»unchangeably eternal«(67). This School lays stress on the compelling power of language which makes it action-oriented and hence the compulsion felt by a human being to fulfill the Vedic prescriptions of sacrifice.
|5||While the Mīmāmsā essentially argues in favour of interpreting the Scripture as an injunction to act, the »Vedāntic Approach« is more in favour of presenting the Veda with an ambient of knowledge, particularly encouraging the process of study and meditation on Brahman which ultimately leads to a total liberation of self.|
|6||It is quite amazing to note that certain personal qualities on the part of the reader are essential for a right way of reading and understanding the Hindu texts. The integrity of the scriptural text does seem to demand an equal amount of honesty and genuineness on the part of the reader as well in order that he may be worthy enough to appropriate the right Vedic spirit. The required qualities are: the ability to choose the permanent rather than the superficial; an ascetical attitude of detachment from any enjoyment; a capacity for hard intellectual labour which would comprise of qualities like a quiet mind, self control, renunciation, endurance, patience, concentration, and faith; and finally a personality with a sincere desire for liberation.|
|7||Students of Theology who would be the chief beneficiaries of this book would be much interested on the write up on »Íankara's method of theologizing«. The very basis of such a theologizing is knowledge of Brahman, the ultimate, which is salvific and leads one to liberation (94). Íankara's thought pattern does have a parallel to the Christian tradition (cf. Jn 8:31-32). In every tradition, Scripture is the real source for theologizing and similarly the ultimate goal of theologizing is liberation of every facet of life.|
|8||In the final sub-section of his book the author gives a very lucid and articulate presentation of the dhvani method of interpretation as elaborated by the poet and critic Ānandavardhana. It is a method dealing with the evocative significance of a text rather than its primary meaning. It is to be noted that every work of art or poem or even a scriptural text would be evocative and strikingly so! As pointed out by the author, what makes the evocative meaning of a text prominent is the context, the person who speaks, the relation between the speaker and addressee, the time and the place in which it is said, and the intonation with which it is said (103). The two metaphors, namely the »body-soul« and the »lamp-pot«, used by Ānandavardhana to explain dhvani are quite explicit. Dhvani is like a soul in the body or a pot which catches the eye in the light provided by the lamp. The literal or the primary meaning of a text acts as the body or the lamp providing the backdrop for the evocative meaning, which provides the text with new horizons of interpretation.|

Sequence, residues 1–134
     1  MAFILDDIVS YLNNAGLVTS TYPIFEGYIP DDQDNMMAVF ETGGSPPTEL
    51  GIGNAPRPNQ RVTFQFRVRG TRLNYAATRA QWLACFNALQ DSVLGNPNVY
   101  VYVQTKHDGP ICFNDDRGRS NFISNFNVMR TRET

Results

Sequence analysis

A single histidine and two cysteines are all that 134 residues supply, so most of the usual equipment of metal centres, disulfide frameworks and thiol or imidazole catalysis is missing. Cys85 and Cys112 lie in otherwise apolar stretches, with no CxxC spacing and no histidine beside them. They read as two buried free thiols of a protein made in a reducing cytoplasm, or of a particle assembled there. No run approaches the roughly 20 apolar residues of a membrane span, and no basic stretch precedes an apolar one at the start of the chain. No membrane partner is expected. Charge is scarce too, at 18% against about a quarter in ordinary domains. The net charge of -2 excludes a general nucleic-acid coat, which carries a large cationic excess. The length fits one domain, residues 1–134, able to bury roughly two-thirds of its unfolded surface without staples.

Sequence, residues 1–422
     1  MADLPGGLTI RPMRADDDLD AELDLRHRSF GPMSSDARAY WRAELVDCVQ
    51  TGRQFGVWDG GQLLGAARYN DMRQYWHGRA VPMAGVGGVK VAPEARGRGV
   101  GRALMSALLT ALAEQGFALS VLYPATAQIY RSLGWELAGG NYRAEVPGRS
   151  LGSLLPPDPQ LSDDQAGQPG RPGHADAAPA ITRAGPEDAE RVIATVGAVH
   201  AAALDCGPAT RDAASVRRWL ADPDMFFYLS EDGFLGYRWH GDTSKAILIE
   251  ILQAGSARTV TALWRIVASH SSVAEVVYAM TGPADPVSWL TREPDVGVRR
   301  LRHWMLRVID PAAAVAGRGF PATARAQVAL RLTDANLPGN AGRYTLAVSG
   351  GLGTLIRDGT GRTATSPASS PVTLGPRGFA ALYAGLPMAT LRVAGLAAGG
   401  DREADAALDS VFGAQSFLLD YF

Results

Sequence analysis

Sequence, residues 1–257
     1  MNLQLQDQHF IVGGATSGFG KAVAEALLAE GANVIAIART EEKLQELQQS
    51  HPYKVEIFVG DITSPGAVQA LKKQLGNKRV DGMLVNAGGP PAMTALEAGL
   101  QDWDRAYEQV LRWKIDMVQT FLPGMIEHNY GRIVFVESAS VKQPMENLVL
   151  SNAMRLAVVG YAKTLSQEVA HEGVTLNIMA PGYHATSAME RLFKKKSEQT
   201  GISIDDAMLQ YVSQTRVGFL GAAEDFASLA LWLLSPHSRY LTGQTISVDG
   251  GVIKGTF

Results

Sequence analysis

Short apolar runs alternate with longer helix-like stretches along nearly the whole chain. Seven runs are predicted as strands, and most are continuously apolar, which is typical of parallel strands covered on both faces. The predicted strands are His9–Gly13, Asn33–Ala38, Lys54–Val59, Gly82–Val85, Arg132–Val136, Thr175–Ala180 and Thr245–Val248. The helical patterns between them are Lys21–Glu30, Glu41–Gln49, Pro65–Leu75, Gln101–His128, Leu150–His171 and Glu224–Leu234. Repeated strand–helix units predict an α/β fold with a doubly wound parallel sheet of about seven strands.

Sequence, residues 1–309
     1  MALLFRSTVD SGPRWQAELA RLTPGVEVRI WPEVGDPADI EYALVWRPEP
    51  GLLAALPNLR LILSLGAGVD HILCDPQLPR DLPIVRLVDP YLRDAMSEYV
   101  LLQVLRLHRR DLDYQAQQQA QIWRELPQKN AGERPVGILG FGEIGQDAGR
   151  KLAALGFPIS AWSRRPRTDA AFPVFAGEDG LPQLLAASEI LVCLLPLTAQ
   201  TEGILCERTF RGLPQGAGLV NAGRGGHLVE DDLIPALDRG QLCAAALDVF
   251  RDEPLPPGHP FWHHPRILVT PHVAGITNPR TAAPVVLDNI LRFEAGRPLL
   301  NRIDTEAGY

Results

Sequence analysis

Ongoing Process of Interpretation
»There is no such thing as a final and definitive act of understanding. It is a process. There is no definitive stage when we can say that we have finally understood all that is to be understood, like the game, which is played over and over again.«
|9||In part 3 which, is entitled »Ongoing Process of Interpretation«, the author makes some useful suggestions for a meaningful dialogue among the various exegetical traditions, provides strategies for comparative reading of texts and offers his insights into the contemporary Indian approaches. The best way to enrich one's religious tradition is to be open to other religious traditions which will certainly provide a new framework of thinking and understanding and open us to new horizons of meaning. In such a spirit of openness religious texts of different traditions juxtaposed or superimposed will provide the reader of either tradition with a new intuition. The author provides one such insight by the juxtaposition of texts from Christian traditions with those of Tiruvāymoli of the Vaishnavite tradition (136-140). Such a study certainly enhances our understanding of God and enables us to have a better encounter with him.|
|10||The book of Anand Amaladass, the result of his long years of teaching and reflection, is thought-provoking, timely, and a very valuable contribution to inter-religious dialogue and inculturation. A spirit of cooperation and openness with other religious traditions cannot be achieved purely in the adaptation of a few external symbols of worship. Dialogue and inculturation should be done on a deeper level. The western religious tradition with which Christianity is familiar needs to dialogue with the Indian religious traditions for mutual enrichment. The limited norms of interpretations that we are accustomed to in the Christian tradition have not exhausted the meaning or the meaningfulness of our Scriptures. Our Indian ethos should certainly provoke us to have a greater recourse to the Indian modes of interpretation. And to this end the book of Anand Amaladass is an appropriate tool.|